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 Post subject: Give me a Brake!
PostPosted: Sat May 13, 2017 6:51 am 
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Joined: Thu Sep 01, 2005 1:12 am
Posts: 2084
Location: Darien, CT
Last weekend I jumped into the Z and backed it out of the garage. As I approached my other cars in reverse I noticed something a little disconcerting. The brake pedal went all the way to the floor! I had to be going about 2mph so it was not a big deal so I straightened it out in first gear and checked the brake reservoir. The fluid level was way down so I topped it off where it was parked and pumped the brake pedal for a good 5 minutes. No firmness ever occurred. So I slowly pulled it back into the garage and attached a plastic hose to one of the bleeder screws to see if I could get air out of the system. After a few pumps the fluid started appearing in my deposit bottle so I stopped and tightened up the screw. When I did this to the other bleeder screw no fluid ever appeared in the tube despite fluid in the reservoir.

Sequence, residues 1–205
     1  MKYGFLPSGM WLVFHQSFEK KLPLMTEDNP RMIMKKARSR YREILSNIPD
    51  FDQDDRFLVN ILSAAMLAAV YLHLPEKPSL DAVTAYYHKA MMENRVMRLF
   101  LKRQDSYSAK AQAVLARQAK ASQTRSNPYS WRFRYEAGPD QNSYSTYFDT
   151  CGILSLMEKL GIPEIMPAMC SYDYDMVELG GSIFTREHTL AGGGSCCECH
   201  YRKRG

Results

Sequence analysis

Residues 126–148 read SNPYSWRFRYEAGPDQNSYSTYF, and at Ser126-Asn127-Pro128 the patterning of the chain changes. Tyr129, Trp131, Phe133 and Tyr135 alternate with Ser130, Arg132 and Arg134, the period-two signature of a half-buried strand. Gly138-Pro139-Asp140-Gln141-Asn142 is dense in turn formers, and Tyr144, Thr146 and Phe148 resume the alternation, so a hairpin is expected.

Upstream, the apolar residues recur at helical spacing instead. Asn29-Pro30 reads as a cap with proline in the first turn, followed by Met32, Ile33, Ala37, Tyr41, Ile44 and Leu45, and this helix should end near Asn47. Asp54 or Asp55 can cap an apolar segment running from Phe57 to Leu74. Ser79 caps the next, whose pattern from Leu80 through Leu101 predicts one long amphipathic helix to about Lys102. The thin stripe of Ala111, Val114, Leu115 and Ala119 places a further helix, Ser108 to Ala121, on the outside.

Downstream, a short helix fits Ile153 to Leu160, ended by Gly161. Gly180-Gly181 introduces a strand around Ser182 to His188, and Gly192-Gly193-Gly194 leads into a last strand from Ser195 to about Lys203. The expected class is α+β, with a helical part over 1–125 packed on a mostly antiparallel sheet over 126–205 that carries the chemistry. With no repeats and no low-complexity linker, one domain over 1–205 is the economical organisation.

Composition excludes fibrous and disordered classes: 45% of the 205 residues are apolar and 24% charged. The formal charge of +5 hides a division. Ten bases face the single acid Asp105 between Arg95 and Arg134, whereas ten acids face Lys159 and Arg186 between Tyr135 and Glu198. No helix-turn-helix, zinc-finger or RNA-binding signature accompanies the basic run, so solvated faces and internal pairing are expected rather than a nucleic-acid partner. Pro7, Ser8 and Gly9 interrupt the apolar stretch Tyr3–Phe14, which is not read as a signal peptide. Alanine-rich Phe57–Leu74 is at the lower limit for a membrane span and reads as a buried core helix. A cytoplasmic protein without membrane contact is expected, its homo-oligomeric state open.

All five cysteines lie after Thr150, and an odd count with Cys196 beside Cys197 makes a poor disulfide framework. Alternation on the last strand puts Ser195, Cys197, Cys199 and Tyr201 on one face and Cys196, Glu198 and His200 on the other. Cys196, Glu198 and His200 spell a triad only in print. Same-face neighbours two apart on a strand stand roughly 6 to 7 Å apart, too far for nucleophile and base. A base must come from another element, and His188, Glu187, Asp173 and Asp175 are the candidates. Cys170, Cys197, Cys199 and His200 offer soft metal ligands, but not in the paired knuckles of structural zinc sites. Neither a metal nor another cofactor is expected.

So my questions are:
1) Why are there two reservoirs for the brake system in the first place? (front & rear?)
2) I assume that the next logical step is to remove the brake master cylinder and attempt to clear whatever sediment or blockage is occurring in the reservoir that prevents it from being bled?
3) If #3 is correct, after I reinstall the cylinder, am I going to need to bleed the brakes at each wheel or just at the cylinder?

Thanks for any help you can provide!!

Ross

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1978 280Z Black Pearl Edition 36k Original Miles
2008 350Z Bob Sharp GT-33 Edition


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 Post subject: Re: Give me a Brake!
PostPosted: Sat May 13, 2017 8:03 am 
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Location: Long Island, N.Y.
Glad to hear that there were no casualties. :shock: I have always been told that the rule of thumb is that if any part of the (closed) brake system is "opened", that you must follow the proper bleeding sequence. RR, LR, RF and lastly, Left Front. :thumbs_up:
Good luck.

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 Post subject: Re: Give me a Brake!
PostPosted: Sat May 13, 2017 9:46 am 
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Location: CT
"....a little disconcerting." :shock: :lol: Well, YEAH. Nice work diverting disaster. :thumbs_up:

I agree with Howie. You need to bleed your brake system completely, which is usually a 2-man job. Your helper will spend nearly an hour sitting in luxurious comfort, pushing and holding the brake pedal, while you scramble around under each wheel on your knees, monitoring the progress.